One of the greatest sights in Rome, Italy that has attracted visitors from the world over is the stunning Fontana dei Quattro Fiumi, also known as “the Fountain of Four Rivers.” Though this gorgeous display of art is probably on your must-see list for travel, what else do you know about it? The Fountain of the Four Rivers is more than just sculptures and water, it has a fascinating history too.
1. The fountain’s theme
Though the fountain was designed in a far more superfluous fashion than what the locals had originally wanted, it was made to serve as a source of potable water before the age of indoor plumbing. When Pope Innocent X had it designed, he decided to have the sculptures crafted around a slim Egyptian obelisk. Ringing the obelisk were figures that represented four major rivers throughout the four major continents recognized during the 1600s:
- The River Ganges of Asia – the depiction of the god looks away from the church as a sign of spiritual ignorance of the hedonistic world;
- The Rio de la Plata of America – the man has thrown his hands up, but through them, he sees the light of salvation. However, this is also thought to be because of the presence of the snake, which may be hinting to man’s fear of losing his money;
- The Danube of Europe – considered the most “cultured” of the four gods, the Danube looks directly at the Church, embracing the Lord;
- The Nile of Africa – the artist decided to make this statue with his head covered by a piece of cloth, because at the time, the source of the Nile River was unknown. Also, the concealed face symbolizes ignorance towards Christianity.
Surrounding the four marble gods are flowers and wildlife. You can pick out a horse, serpent, dolphin, crocodile, lion, and a couple of other animals from the continents where the four rivers are found.
Since the unveiling of the fountain, it has been called the epitome of Baroque design and theatricality. The round shape allows for you to see every angle as you walk around it. Additionally, the detailing of the individual figures plays out like the chapter of a story, and a full tour of the fountain brings you from beginning to close of a wonderful tale.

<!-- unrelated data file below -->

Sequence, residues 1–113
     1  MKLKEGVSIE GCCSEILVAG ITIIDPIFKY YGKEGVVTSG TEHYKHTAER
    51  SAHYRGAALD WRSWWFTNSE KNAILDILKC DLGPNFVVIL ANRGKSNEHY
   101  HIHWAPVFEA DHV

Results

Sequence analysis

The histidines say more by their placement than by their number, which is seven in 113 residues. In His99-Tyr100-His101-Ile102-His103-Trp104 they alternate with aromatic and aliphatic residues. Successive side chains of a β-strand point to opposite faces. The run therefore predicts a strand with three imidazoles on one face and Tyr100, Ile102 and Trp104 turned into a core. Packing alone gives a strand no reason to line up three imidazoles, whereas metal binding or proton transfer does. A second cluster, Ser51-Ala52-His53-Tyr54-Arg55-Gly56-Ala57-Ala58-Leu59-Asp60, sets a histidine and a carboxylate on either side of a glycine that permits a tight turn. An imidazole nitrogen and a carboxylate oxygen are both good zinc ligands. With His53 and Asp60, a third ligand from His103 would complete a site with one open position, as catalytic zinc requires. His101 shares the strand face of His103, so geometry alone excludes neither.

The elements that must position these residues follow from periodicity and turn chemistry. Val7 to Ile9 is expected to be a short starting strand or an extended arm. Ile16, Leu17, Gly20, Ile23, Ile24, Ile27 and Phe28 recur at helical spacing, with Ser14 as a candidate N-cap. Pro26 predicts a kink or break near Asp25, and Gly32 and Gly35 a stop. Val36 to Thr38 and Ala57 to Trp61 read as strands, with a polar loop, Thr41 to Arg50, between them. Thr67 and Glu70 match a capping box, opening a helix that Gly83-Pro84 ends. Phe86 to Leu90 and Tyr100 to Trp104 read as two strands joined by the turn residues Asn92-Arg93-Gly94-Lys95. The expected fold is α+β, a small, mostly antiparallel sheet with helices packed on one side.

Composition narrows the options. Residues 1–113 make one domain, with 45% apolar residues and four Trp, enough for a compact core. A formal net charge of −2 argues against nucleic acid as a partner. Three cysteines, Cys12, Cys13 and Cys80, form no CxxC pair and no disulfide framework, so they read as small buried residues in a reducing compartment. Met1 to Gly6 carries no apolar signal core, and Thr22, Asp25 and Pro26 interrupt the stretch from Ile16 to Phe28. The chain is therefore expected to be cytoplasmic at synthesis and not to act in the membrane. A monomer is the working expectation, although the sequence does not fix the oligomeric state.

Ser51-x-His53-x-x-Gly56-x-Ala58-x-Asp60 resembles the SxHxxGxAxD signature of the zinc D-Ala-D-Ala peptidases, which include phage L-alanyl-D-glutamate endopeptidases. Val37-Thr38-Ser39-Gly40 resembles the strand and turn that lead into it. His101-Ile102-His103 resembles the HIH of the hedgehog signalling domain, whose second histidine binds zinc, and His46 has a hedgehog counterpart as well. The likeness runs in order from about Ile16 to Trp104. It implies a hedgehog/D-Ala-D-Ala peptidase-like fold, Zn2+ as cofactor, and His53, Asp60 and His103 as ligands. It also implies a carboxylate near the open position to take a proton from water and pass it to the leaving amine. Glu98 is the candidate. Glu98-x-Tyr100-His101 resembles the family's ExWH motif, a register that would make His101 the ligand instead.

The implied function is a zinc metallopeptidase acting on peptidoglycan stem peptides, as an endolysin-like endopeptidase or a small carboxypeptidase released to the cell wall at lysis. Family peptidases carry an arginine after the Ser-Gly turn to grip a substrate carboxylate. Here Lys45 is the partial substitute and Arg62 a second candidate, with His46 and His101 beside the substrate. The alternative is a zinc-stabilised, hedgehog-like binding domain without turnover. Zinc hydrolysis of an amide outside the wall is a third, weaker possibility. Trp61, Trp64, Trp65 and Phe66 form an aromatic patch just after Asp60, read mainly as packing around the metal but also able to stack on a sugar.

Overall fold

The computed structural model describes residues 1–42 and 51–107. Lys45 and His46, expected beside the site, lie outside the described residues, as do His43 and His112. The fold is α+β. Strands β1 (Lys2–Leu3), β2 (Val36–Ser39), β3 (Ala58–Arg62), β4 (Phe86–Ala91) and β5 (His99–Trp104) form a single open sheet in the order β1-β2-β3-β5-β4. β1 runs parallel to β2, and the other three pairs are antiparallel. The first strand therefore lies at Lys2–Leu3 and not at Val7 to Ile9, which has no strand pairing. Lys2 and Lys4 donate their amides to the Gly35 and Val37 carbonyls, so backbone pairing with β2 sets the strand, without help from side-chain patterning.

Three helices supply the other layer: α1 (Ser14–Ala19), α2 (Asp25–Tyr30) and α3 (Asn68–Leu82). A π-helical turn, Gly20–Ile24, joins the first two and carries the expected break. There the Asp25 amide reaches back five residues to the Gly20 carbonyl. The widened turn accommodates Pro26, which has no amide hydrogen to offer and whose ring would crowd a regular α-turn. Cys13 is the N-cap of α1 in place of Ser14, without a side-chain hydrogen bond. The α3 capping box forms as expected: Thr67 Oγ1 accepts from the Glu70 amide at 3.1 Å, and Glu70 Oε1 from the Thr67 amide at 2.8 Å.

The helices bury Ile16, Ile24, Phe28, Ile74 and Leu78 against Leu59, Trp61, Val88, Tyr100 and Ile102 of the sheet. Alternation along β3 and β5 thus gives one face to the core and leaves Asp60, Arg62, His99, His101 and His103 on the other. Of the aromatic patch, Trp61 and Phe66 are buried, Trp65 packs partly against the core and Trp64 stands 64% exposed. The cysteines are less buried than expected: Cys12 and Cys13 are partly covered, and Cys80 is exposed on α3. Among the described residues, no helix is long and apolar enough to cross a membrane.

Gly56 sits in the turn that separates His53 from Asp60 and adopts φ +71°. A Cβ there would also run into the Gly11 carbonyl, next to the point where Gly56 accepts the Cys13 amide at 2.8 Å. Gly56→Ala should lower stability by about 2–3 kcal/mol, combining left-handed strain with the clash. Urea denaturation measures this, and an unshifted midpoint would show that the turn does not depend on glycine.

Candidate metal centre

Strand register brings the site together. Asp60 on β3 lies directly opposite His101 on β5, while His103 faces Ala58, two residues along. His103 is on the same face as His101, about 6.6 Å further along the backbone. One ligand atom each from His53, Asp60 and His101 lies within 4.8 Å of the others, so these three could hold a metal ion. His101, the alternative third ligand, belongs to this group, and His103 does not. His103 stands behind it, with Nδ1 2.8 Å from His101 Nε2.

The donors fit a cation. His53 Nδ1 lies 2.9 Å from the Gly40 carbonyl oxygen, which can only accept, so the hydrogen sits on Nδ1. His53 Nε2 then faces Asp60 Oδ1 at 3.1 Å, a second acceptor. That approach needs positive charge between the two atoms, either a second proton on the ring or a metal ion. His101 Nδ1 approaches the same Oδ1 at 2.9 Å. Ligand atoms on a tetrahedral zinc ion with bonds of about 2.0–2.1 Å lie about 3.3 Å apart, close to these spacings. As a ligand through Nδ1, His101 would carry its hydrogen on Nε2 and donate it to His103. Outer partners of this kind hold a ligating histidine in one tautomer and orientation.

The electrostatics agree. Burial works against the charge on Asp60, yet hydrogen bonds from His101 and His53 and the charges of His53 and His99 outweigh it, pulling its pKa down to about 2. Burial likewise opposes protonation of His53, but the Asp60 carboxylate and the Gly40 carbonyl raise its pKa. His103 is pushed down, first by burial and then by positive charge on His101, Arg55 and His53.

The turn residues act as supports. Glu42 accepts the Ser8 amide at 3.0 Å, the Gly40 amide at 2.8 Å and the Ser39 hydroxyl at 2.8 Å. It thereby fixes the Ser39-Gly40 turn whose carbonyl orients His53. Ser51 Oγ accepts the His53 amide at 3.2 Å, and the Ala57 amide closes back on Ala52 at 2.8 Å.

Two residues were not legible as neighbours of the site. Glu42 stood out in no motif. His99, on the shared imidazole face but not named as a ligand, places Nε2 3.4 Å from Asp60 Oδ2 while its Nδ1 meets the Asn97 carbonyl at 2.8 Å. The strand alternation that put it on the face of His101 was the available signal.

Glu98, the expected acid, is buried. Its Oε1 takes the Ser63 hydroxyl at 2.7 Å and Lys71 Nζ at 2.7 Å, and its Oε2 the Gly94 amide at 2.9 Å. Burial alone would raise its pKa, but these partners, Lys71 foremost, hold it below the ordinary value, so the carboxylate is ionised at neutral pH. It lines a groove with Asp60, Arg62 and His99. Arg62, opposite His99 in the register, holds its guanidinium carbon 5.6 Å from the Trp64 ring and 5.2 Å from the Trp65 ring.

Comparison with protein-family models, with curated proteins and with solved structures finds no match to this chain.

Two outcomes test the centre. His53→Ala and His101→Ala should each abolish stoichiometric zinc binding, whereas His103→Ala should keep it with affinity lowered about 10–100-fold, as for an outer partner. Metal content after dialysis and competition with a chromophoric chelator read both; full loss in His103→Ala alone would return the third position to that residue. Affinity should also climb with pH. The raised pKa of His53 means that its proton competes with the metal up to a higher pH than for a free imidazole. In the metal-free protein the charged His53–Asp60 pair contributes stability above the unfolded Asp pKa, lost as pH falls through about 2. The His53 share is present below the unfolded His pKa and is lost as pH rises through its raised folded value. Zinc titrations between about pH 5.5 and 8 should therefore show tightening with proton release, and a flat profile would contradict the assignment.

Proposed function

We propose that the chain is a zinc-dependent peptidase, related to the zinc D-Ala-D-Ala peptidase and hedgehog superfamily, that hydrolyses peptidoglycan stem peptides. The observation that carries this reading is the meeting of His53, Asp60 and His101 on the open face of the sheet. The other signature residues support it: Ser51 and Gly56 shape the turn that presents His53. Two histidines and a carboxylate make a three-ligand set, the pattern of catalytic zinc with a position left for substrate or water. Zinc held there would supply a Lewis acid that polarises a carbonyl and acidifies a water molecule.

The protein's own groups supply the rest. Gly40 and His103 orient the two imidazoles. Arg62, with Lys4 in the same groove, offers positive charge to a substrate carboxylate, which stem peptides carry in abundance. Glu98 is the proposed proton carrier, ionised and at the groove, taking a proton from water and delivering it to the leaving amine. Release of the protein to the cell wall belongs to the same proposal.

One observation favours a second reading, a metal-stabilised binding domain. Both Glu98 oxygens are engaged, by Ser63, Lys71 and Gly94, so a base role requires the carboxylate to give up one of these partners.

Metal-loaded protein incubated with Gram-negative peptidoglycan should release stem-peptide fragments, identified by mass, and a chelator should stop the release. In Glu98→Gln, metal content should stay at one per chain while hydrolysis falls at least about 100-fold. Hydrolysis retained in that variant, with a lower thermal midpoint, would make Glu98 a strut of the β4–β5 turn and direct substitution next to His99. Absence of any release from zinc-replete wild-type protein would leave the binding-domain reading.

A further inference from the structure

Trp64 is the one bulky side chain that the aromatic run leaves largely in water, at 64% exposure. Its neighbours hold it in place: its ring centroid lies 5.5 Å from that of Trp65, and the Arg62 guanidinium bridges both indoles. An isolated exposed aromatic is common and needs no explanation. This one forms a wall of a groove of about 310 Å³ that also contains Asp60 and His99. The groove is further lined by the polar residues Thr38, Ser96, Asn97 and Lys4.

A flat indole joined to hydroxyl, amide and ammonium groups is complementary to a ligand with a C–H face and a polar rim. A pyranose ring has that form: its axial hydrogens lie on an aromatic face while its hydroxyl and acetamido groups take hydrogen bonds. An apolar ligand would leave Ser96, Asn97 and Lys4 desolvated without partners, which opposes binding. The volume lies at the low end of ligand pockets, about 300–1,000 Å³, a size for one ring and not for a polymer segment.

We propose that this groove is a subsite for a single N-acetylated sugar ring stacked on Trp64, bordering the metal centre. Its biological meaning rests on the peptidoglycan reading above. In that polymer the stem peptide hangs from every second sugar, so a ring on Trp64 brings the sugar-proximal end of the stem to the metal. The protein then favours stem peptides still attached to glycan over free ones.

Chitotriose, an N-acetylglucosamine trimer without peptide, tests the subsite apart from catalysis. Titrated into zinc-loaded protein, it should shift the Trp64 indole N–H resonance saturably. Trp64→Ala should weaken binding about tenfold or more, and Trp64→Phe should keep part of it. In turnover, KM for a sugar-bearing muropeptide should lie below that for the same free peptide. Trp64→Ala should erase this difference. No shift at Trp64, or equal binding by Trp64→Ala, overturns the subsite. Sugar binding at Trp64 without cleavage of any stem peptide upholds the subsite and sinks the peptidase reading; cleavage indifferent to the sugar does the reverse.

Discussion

2. About the artist
Though the creation of the Fountain of the Four Rivers is awarded to Gian Lorenzo Bernini, he is not the sole artist. However, during the commission, Bernini was one of the most popular artists in Rome.
The other artist was Borromini, who was Bernini’s rival during the Baroque period. He proposed placing a crown upon the obelisk as well as four gods to represent the four great rivers.
How Bernini was given the job over Borromini was, in many ways, pure luck and the advantage that was the social networking of that period – shaking hands with the right people. When the Pope saw the ideas Bernini had for the fountain, he made the decision to have Bernini complete the Fontana dei Quattro Fiumi.
3. Met with opposition
The crafting of the fountain was originally met with opposition by the Roman people. During the time of the construction, Italy was in the grip of a severe famine and people could barely support their families let alone pay taxes for the fountain.
Despite this, Pope Innocent X had the fountain built throughout 1646-1648. Throughout the plaza where the Fontana dei Quattro Fiumi was being built, there were endless talks of riots.
In September 1648, protesting writers inscribed “We don’t want Obelisks and Fountains! It’s bread we want. Bread, bread, bread!” into the rocks used to build the obelisk. Innocent X quickly had the authors of the inscriptions arrested and then placed disguised spies to monitor the area around the fountain at all times.
4. About the Obelisk
The obelisk was crafted from Aswan granite by the order of the Roman Emperor Domitianus. The spire is sixteen meters tall (52 feet) and originally stood at the central wall (the spina) of the ancient Circus of Maxentius, which was near the Via Appia Antica.
Some people get mistaken by thinking it is an authentic Egyptian obelisk due to the hieroglyphics, but it is merely a Roman representation. The hieroglyphs tell of a hymn pertaining to the Domitian. Atop the obelisk sits a stone pigeon, the symbol of Pope Innocent X’s family.
5. Where to find the Fountain of the Four Rivers
The Fountain of the Four Rivers is located in the Piazza Navona in Rome. It took the place of the Circus Domitian that had been opened around 86 AD. The circus lasted well into the 4th century. The surroundings undergone reconstruction throughout the years, and as the 15th buildings started to form a perimeter around the circus, it became a popular open market called Piazza Navona.
Though the Fountain of the Four Rivers is not the Trevi Fountain, it is still a jaw dropping image. You are sure to enjoy the intricate details of the statues as well as the quiet. Join in on the people-watching, shop the surrounding markets, and indulge in the tranquil sounds of trickling water. Maybe you will even have the chance to share this information with a fellow traveler.